A judge found a District of Columbia woman guilty of killing her four daughters and living with their mummified bodies for months in a case that brought scrutiny to the city's child welfare system.
Banita Jacks, 34, was yesterday convicted of four counts of felony murder, three counts of premeditated first-degree murder and four counts of first-degree child cruelty. She was acquitted of one count of premeditated first-degree murder in the death of her oldest daughter.
DC Superior Court Judge Frederick H Weisberg decided the case himself after Jacks waived her right to a jury trial. Bench trials are rare in murder cases, said Benjamin Friedman, a spokesman for the US Attorney's Office in Washington.
Before reading the verdict, Weisberg said the case was one of his most challenging in three decades as a judge.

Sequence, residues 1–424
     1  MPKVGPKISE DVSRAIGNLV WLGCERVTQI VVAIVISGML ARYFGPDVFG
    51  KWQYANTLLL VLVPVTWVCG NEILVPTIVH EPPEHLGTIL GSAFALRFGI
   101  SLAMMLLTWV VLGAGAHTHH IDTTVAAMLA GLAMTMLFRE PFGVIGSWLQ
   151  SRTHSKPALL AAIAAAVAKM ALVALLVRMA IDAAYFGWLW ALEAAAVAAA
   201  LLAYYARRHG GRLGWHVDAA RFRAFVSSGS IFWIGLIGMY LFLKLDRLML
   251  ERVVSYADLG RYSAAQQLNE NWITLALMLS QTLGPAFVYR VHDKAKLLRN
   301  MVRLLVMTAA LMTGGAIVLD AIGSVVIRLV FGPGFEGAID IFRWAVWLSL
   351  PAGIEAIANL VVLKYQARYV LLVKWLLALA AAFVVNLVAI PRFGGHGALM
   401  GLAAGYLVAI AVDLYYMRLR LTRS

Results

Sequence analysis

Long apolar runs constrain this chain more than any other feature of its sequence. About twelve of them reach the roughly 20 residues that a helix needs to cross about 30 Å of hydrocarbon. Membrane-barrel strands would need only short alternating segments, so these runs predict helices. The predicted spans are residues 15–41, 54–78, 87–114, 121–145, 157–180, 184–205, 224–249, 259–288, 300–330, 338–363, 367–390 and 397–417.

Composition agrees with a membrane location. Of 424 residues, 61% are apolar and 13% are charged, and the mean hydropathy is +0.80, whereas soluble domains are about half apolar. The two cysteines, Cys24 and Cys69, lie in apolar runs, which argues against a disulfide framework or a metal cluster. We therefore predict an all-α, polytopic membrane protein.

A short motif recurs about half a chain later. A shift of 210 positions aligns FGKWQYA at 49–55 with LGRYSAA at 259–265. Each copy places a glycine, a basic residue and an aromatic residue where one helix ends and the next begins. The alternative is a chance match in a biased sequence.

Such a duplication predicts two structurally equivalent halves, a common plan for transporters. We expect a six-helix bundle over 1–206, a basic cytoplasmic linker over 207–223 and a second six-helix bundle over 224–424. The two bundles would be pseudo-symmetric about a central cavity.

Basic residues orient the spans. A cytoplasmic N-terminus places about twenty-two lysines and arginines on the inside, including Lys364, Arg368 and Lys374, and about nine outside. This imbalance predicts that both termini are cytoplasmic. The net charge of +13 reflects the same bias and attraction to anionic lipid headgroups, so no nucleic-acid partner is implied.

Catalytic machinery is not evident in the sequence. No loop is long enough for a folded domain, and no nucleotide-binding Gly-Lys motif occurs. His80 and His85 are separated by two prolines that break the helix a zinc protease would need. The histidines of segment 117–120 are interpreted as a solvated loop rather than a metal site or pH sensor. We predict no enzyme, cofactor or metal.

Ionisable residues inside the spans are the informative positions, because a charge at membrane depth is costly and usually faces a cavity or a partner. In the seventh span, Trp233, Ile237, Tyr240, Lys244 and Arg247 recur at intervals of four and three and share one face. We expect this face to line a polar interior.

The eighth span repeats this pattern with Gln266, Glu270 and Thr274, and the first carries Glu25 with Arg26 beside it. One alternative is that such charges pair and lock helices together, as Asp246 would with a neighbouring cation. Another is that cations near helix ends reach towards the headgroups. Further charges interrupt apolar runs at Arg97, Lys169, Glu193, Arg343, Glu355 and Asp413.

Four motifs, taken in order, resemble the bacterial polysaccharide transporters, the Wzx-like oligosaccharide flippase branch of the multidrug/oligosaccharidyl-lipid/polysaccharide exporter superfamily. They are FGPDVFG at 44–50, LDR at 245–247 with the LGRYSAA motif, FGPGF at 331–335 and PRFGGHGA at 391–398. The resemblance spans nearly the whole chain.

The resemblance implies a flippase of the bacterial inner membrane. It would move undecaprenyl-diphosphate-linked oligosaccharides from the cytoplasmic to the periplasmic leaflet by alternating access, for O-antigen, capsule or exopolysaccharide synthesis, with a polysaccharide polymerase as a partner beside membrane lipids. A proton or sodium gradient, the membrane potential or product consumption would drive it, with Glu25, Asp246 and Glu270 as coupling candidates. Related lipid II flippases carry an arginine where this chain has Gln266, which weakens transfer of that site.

"It was a very lonely assignment," he said. At the end of the hearing, he buried his face in his hands.
Jacks faces life in prison when she is sentenced October 16.
US Marshal deputies discovered the girls' decomposing bodies in January 2008 while carrying out an eviction at their mother's southeast Washington row house. The girls are believed to have been ages 5 to 16.
In a lengthy interview with police, she said her daughters were possessed by demons and inexplicably died one by one in their sleep. She believed they would be resurrected.